Off the Beat: Bruce Byfield's Blog

Not just token: Red Hat's Women in Open Source Awards

Nov 19, 2014 GMT

DeLisa Alexander would like to make one thing clear about Red Hat's Women in Open Source Awards (WIOSA): They're not just a token gesture towards diversity. Instead, she describes them as one step in a larger, more varied strategy to increase women's participation in open source."It's one key," says Alexander, executive vice-president and chief people officer at Red Hat. "But it's an important part of the puzzle to help tech and open source attract more talent." According to Alexander, the idea was first generated several years ago, but the company "waited until we had a larger sense of the puzzle."WIOSA, which is accepting nominees until November 21, will...
Are word processors becoming obsolete?

Nov 14, 2014 GMT

The other day on a mailing list, a poll of journalists showed that only one in fifteen was using an office suite for their work. The poll made no pretense of scientific accuracy, and only included about fifteen replies. Still, it made me wonder whether the word processor has outlived its day.Only one person said they used MS Word, and none mentioned LibreOffice. The others used Kate, Google Docs, or mobile apps like Evernote. I didn't reply, but I do most of my work in Bluefish, myself. I also used to know one journalist who used Vim, which seems a bit extreme to me, although it would be a good way to keep your hands on the keyboard and perhaps reduce repetitive stress injuries.The reason...
Free software: doing the impossible

Nov 06, 2014 GMT

I worry about free software's lack of diversity, but I also find much to admire. I like how free software makes computers available to impoverished people and nations who otherwise could never afford them. I like the fact that excellence is often more of a motivation for its developers than money, and the humbleness of many of its top developers, and how they are genuinely approachable and often dedicated to cooperative decision-making. Recently, however, I realized that I also admire free software for another reason: the persistent tendency of its developers to do whatever pundits say is impossible.I first noticed this tendency when I realized how far the free font movement had come in...
Ubuntu at 10: All that way for this?

Oct 28, 2014 GMT

"In a middle of a good time, Fate dealt me her icy kiss, Look around, you must be joking,We've come all that way for this."-OysterBandLast week, Ubuntu celebrated the tenth anniversary of its first release. The occasion was marked by the obligatory retrospectives, most of them uncritical or at least carefully neutral. What nobody asked was the obvious question: after ten years, is Ubuntu a success?That depends on the criteria.On the one hand, the fact that Ubuntu has shaped free software is undeniable.When Warty Warthog, Ubuntu's first release, was announced, the last thing that free software seemed to need was another distribution. The market seemed saturated, and its...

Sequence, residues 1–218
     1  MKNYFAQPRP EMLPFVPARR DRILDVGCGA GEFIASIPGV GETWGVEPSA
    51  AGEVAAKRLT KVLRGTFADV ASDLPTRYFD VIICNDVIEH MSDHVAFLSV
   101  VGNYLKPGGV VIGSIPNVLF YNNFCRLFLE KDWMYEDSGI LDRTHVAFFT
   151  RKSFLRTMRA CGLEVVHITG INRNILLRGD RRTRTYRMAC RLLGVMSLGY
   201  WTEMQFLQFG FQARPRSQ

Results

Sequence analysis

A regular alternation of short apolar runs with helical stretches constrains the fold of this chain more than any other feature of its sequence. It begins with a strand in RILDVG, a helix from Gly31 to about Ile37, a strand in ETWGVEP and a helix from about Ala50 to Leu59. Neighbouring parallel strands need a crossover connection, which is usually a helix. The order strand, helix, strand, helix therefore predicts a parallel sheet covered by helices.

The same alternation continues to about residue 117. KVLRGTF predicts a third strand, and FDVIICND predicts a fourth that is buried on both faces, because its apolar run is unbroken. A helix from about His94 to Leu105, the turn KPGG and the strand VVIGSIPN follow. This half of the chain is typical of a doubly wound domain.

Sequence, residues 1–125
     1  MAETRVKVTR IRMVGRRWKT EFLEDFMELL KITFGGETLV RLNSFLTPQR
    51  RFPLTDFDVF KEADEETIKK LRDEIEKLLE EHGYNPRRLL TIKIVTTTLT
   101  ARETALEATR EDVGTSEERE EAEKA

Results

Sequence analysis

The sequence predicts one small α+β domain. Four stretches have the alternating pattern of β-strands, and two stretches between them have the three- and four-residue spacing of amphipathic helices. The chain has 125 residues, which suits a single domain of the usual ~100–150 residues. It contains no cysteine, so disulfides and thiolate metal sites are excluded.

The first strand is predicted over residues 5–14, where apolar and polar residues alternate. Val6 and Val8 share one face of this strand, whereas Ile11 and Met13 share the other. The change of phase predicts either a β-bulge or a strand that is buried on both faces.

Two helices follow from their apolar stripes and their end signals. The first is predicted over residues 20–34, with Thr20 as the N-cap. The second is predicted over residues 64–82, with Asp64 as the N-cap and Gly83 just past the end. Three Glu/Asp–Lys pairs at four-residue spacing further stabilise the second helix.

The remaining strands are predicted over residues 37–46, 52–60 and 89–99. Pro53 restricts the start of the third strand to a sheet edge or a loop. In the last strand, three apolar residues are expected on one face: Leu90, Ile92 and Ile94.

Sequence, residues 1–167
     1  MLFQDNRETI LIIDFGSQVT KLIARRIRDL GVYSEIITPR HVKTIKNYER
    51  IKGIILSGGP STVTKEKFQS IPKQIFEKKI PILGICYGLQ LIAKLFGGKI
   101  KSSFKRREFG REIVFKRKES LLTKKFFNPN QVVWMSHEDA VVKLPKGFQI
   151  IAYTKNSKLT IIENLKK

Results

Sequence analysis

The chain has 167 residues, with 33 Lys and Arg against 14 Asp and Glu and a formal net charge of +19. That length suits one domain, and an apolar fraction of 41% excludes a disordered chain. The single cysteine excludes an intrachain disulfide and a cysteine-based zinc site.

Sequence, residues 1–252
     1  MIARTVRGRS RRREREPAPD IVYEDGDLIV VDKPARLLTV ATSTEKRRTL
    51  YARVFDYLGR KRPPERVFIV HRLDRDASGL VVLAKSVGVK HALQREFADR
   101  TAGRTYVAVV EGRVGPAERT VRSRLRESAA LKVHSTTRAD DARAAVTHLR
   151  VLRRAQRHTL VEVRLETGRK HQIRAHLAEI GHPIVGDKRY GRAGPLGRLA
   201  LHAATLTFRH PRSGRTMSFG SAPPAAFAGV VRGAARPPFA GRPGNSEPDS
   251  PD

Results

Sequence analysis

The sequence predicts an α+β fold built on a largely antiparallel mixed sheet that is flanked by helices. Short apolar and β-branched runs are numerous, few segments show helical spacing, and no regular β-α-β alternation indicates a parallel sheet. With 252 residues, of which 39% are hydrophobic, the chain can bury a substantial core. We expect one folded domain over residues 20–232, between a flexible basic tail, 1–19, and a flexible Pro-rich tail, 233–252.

LibreOffice and OpenOffice: comparing the community health

Oct 25, 2014 GMT

The rumors about LibreOffice that I mentioned a couple of weeks ago apparently lack substance.  Andrea Pescetti, Apache OpenOffice PMC Chair, states that, "I can say that I don't witness the reduction of activity you describe: community members (including those that I know to be employed by IBM) are all participating in conversations and development." So, I am left wondering: how can the relative health of Apache OpenOffice and LibreOffice be measurde, four years after the two parted ways?OpenOffice representatives are fond of citing download statistics -- possibly because theirs are available on public sites, and LibreOffice's are private. However, either way, downloads...
Free equivalents for standard proprietary fonts

Oct 16, 2014 GMT

Like Linux desktops, free-licensed fonts started as imitations of proprietary equivalents. Today, original free fonts are becoming increasingly common, but the demand for free equivalents of proprietary fonts remains. This demand is unlikely to disapear because, although most professional designers think in terms of proprietary fonts, clients are often unwilling to pay for them. Moreover, free software advocates prefer free fonts to go along with their free applications.Exact equivalents are rare because of fear of copyright restrictions. A match as high as 75% is rare. Some equivalents, such as the Liberation fonts, are only metrical – that is, they take up the same space as their...
Lennart Poettering and the cause of civility

Oct 07, 2014 GMT

Just what free software needed: another discussion of civility in the community in which half-truth counters half-truth, and nothing gets resolved.I'm referring, of course, to the reactions to Lennart Poettering's recent rant, in which he characterizes free software as an abusive community, thanks largely to the example of Linus Torvalds. Poettering is far from the first to describe the hostility that can exist in free software, and the first reactions came within hours of the posting, soon snowballing into an avalanche of criticism, most of it so careless with nuance that any sort of balanced observation is impossibleProbably, I haven't a hope of adding my own comments without offending...

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